How to know the Right and Wrong Sides of a Piece of "Antique" Glass.—Take up a sheet of one of these and look at it. You will notice that the two sides look different; one side has certain little depressions as if it had been pricked with a pin, sometimes also some wavy streaks. Turn it round, and, looking at the other side, you still see these things, but blurred, as if seen through water, while the surface itself on this side looks smooth; what inequalities there are being projections rather than depressions. Now the side you first looked at is the side to cut on, and the side to paint on, and it is the side placed inwards when the window is put up.
The reason is this. Glass is made into sheets by being blown into bubbles, just as a child blows soap-bubbles. If you blow a soap-bubble you will see streaks playing about in it, just like the wavy streaks you notice in the glass.
The bubble is blown, opened at the ends, and manipulated with tools while hot, until it is the shape of a drain-pipe; [Pg 33] then cut down one side and opened out upon a flattening-stone until the round pipe is a flat sheet; and it is this stone which gives the glass the different texture, the dimpled surface which you notice.
Some glasses are "flashed"; that is to say, a bubble is blown which is mainly composed of white glass; but, before blowing, it is also dipped into another coloured glass—red, perhaps, or blue—and the two are then blown together, so that the red or blue glass spreads out into a thin film closely united to, in fact fused on to, and completely one with, the white glass which forms the base; most "Ruby" glasses are made in this way.
Cutting (elementary)—The Diamond—The Wheel—Sharpening—How to Cut—Amount of Force—- The Beginner's Mistake—Tapping—Possible and Impossible Cuts—"Grozeing"—Defects of the Wheel—The Actual Nature of a "Cut" in Glass.
No written directions can teach the use of the diamond; it is as sensitive to the hand as the string of a violin, and a good [Pg 34] workman feels with a most delicate touch exactly where the cutting edge is, and uses his tool accordingly. Every apprentice counts on spoiling a guinea diamond in the learning, which will take him from one to two years.
Most cutters now use the wheel, of which illustrations are given (figs. 1 and 2).
The wheels themselves are good things, and cut as well as the diamond, in some respects almost better; but many of the handles are very unsatisfactory. From some of them indeed one might suppose, if such a thing were conceivable, that the maker knew nothing of the use of the tool.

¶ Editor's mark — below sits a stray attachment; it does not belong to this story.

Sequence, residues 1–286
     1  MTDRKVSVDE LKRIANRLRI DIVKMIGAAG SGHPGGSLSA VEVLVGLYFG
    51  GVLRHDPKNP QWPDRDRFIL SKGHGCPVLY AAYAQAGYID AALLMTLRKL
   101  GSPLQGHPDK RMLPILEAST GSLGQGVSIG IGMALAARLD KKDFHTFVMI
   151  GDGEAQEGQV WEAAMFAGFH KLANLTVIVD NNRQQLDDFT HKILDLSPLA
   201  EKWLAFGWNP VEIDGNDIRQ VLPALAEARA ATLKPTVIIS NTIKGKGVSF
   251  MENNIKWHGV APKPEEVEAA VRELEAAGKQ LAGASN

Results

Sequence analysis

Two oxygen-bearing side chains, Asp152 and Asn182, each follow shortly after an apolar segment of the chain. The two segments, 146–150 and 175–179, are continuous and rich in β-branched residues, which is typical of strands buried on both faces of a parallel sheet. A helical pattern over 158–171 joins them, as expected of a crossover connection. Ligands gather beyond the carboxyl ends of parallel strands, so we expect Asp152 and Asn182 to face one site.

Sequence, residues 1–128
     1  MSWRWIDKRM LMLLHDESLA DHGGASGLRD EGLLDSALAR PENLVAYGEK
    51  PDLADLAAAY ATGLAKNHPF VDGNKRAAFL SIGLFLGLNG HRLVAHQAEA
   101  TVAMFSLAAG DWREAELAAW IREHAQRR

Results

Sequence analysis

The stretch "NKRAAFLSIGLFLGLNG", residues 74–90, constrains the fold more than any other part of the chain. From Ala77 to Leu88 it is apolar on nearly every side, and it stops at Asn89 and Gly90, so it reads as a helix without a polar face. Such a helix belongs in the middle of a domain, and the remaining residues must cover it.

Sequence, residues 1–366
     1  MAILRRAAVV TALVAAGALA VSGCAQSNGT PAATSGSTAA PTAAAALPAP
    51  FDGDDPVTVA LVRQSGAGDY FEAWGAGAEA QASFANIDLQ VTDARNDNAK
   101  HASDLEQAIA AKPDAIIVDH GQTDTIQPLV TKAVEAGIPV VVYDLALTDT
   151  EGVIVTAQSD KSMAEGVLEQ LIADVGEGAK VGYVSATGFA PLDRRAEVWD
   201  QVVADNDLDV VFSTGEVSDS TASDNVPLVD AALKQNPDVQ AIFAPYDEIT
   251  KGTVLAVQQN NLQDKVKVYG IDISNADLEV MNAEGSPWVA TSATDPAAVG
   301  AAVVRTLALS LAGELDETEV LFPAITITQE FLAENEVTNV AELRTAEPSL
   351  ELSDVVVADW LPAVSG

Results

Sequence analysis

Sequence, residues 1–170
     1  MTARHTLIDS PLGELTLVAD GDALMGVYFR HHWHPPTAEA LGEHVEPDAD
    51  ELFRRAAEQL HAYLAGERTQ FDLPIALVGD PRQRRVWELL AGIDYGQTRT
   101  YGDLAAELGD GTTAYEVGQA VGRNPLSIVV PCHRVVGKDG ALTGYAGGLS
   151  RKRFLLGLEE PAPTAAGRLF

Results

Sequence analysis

For it is held thus (fig. 5), the pressure of the forefinger both guiding the cut and supplying force for it: and they [Pg 35] give you an edge to press on (fig. 1) instead of a surface! In some other patterns, indeed, they do give you the desired surface, but the tool is so thin that there is nothing to grip. What ought to be done is to reproduce the shape of the old wooden handle of the diamond proper (figs. 3 and 4).
The foregoing passage must, however, be amplified and modified, but this I will do further on, for you will understand the reasons better if I insert it after what I had written further with regard to the cutting of glass.
How to Sharpen the Wheel Cutter.—The right way to do this is difficult to describe in writing. You must, first of all, grind down the "shoulders" of the tool, through which the pivot of the wheel [Pg 36] goes, for they are made so large that the wheel cannot reach the stone (fig. 6), and must be reduced (fig. 7). Then, after first oiling the pivot so that the wheel [Pg 37] may run easily, you must hold the tool as shown in fig. 8, and rub it swiftly up and down the stone. The angle at which the wheel should rest on the stone is shown in fig. 9. You will see that the angle at which the wheel meets the stone is a little blunter than the angle of the side of the wheel itself. You do not want to make the tool too sharp, otherwise you will risk breaking down the edge, when the wheel will cease to be truly circular, and when that occurs it is absolutely useless. The same thing will happen if the wheel is checked in its revolution while sharpening, and therefore the pivot must be kept oiled both for cutting and sharpening.